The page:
The Independent View: Liberal Democrats – nature needs you!

A majestic soaring eagle. The lightning flash of a kingfisher. Feeding the ducks.

For most people, wildlife ignites their first sparks of interest in environmental issues, yet it is currently conspicuously absent from the political discourse. We hear a lot about sustainability and climate change, but if this Government is to realise its ambitions to be “the Greenest Government ever” it has to tackle biodiversity conservation as well.

We desperately need action: the UK has missed its commitment to halt biodiversity loss by 2010; 42% of our most important habitats and 24% of priority species are declining; and the farmland bird index – a crucial barometer of the health of our countryside – has halved since 1970.

So how is the Coalition Government doing? The initial signs were promising, with then Environment Secretary Caroline Spelman leading the world in making the case for biodiversity conservation at the Nagoya Summit in 2010, and following up domestically last year with the publication of the Natural Environment White Paper (the first in 20 years) and the England Biodiversity Strategy.

There was much to welcome in both these important documents, though it was clearly apparent that the White Paper’s laudable ambitions could only be realised if the necessary funding was made available and its aims were embedded across departments. Without this nature will continue to suffer. This was reflected in last year’s Naturecheck report, published by Wildlife and Countryside Link, which found Government progress against its own targets to be mixed.

The next Naturecheck, due next month, will show what further progress has been made. One area in which we hope to see progress is on cross-government support, where environmental protection is still often seen in isolation, separate to other areas of policy. Recently this has translated into a view amongst some departments that key environmental protections are a brake on the UK’s economic recovery. This is wrong-headed and damaging; Ministers need only turn to their Government’s groundbreaking 2011 National Ecosystem Assessment to recognise the astonishing value of the goods and services nature provides us with for free. From growing food to providing clean drinking water these are worth billions every year to the UK economy. It makes no more sense then to undermine our natural capital – from pollinating bees to our life-giving rivers – be it through changes to planning policy or new airport developments, in order to achieve short-term economic growth, than it does to borrow money we can’t afford to repay. And unlike the banks, nature has no overdraft facility – once it is gone, it is lost forever.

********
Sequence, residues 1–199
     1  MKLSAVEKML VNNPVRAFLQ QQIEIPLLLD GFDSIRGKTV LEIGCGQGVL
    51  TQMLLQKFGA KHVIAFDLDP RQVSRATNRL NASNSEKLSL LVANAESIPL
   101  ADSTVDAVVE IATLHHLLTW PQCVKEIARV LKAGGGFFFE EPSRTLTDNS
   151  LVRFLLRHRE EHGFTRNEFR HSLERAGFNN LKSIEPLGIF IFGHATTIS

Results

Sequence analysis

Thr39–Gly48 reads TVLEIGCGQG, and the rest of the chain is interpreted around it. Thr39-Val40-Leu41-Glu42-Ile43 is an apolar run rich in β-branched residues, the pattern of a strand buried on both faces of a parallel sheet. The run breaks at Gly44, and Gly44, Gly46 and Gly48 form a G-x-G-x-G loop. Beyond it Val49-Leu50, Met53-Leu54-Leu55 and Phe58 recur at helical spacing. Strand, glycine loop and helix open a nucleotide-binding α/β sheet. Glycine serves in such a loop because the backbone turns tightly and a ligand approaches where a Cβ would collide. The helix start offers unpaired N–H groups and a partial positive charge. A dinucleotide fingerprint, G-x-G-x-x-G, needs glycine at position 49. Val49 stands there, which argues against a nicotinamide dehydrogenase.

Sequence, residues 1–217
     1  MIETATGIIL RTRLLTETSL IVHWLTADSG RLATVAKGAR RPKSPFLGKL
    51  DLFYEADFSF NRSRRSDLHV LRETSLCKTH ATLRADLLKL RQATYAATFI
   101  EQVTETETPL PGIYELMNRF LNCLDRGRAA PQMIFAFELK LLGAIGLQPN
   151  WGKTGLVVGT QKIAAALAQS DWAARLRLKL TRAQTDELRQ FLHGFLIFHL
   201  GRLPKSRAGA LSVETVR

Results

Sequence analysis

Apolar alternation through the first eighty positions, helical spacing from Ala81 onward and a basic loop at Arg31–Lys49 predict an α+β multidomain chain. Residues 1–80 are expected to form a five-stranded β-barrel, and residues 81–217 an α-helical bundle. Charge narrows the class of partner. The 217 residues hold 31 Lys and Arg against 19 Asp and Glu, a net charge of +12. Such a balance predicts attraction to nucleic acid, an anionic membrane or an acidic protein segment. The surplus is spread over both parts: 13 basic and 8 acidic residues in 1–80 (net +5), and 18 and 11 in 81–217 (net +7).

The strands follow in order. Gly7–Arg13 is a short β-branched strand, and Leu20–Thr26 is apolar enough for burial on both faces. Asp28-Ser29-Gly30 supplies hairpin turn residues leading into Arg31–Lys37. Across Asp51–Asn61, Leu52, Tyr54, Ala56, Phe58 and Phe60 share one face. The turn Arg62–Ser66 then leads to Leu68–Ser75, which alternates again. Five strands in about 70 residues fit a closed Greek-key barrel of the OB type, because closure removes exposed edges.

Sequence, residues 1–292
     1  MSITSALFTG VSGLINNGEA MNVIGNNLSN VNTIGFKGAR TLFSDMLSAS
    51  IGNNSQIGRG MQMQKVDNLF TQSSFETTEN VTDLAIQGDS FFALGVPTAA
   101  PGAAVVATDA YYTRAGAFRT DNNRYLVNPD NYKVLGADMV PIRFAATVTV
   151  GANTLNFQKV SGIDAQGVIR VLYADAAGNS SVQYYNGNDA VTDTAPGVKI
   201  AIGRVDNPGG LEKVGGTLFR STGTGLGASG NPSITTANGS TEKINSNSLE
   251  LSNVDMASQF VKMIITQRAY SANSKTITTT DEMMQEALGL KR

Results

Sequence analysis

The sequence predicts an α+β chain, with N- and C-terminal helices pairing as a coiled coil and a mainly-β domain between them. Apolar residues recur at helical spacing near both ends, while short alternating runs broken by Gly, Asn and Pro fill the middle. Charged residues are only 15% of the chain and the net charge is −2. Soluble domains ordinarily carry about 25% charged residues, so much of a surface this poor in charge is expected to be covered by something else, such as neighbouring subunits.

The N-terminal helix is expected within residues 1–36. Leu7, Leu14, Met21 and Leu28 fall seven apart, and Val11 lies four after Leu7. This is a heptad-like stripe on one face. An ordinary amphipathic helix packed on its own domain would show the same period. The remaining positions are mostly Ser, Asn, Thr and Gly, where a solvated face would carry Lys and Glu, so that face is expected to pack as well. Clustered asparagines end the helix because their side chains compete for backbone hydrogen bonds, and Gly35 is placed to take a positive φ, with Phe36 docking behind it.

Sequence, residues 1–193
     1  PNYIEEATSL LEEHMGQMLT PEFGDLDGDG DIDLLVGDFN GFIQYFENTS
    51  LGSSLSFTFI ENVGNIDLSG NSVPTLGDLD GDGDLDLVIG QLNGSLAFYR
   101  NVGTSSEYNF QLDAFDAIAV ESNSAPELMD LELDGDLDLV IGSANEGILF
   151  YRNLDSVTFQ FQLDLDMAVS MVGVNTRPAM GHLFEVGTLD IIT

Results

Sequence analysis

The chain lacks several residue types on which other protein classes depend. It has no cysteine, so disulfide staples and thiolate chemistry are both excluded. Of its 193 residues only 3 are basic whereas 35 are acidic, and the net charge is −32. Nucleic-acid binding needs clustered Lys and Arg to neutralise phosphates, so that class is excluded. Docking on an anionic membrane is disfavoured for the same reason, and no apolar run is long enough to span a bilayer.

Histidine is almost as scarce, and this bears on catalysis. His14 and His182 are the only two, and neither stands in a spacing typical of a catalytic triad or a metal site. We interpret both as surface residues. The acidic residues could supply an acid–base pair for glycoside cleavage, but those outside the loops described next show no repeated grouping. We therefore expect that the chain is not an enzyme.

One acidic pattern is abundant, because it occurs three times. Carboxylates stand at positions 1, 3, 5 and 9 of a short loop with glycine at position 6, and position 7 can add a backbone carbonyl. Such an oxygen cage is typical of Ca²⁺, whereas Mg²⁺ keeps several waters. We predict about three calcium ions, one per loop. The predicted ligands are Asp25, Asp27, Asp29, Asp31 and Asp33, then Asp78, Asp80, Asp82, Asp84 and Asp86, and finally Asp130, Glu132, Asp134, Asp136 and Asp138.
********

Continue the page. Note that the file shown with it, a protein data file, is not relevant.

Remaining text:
It is frustrating that despite this, species and habitats often only gain political focus when they are seen as a ‘problem’. Here, politicians have recently risked overlooking scientific evidence and bypassing proper engagement processes– with disastrous consequences. Consider, for example, the public outcry over Government proposals to trial the nest destruction and removal of buzzards in order to protect non-native pheasants reared for sports shooting. This was a timely reminder of how much people value nature. Like the public huge outcry provoked by the government’s plans to sell off the Public Forest Estate, ‘buzzardgate’ showed how politicians should tread carefully when making decisions affecting our cherished wildlife.

These expressions of public support reflect a wide and deeply-held passion about our natural environment. Whether it is the RSPB’s million-plus members or the 360,000 people who signed our ‘Letter to the Future’ in 2010, there is a huge body of support for politicians who are willing to ‘Step up for Nature’ by protecting and restoring the UK’s wildlife and habitats.

The Liberal Democrats, with strong support for environmental action amongst its grassroots, and as a partner in the Coalition Government, can play a pivotal role here. Recently, the party has shown encouraging signs, most significantly with Nick Clegg publicly recognising the need to protect our natural capital. Mr Clegg now needs positive encouragement to build on this and place biodiversity at the heart of his ambitions for this government’s remaining term in office.

Whether it was the eagle, the kingfisher or the ducks that inspired you, that nature now needs political champions. The Liberal Democrats have the chance to be those champions. Will you take that chance?

The Independent View‘ is a slot on Lib Dem Voice which allows those from beyond the party to contribute to debates we believe are of interest to LDV’s readers. Please email [email protected] if you are interested in contributing.

* Tom Fewins is a parliamentary officer at the RSPB. He is not a member of any political party.

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This entry was posted in Conference, Op-eds and The Independent View.

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